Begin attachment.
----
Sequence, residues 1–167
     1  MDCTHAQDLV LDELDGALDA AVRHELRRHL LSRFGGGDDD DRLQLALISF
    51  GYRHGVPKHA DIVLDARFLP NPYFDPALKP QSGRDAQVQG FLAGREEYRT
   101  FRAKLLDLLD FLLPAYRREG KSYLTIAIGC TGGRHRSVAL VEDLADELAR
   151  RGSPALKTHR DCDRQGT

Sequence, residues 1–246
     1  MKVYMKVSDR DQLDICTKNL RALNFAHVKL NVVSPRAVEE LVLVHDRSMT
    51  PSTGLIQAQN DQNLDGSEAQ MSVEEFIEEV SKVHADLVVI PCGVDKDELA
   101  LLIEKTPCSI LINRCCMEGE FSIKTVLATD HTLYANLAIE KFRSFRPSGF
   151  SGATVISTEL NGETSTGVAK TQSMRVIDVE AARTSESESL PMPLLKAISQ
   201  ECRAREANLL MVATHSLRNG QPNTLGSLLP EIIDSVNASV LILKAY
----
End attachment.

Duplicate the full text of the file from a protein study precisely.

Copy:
Sequence, residues 1–167
     1  MDCTHAQDLV LDELDGALDA AVRHELRRHL LSRFGGGDDD DRLQLALISF
    51  GYRHGVPKHA DIVLDARFLP NPYFDPALKP QSGRDAQVQG FLAGREEYRT
   101  FRAKLLDLLD FLLPAYRREG KSYLTIAIGC TGGRHRSVAL VEDLADELAR
   151  RGSPALKTHR DCDRQGT

Sequence, residues 1–246
     1  MKVYMKVSDR DQLDICTKNL RALNFAHVKL NVVSPRAVEE LVLVHDRSMT
    51  PSTGLIQAQN DQNLDGSEAQ MSVEEFIEEV SKVHADLVVI PCGVDKDELA
   101  LLIEKTPCSI LINRCCMEGE FSIKTVLATD HTLYANLAIE KFRSFRPSGF
   151  SGATVISTEL NGETSTGVAK TQSMRVIDVE AARTSESESL PMPLLKAISQ
   201  ECRAREANLL MVATHSLRNG QPNTLGSLLP EIIDSVNASV LILKAY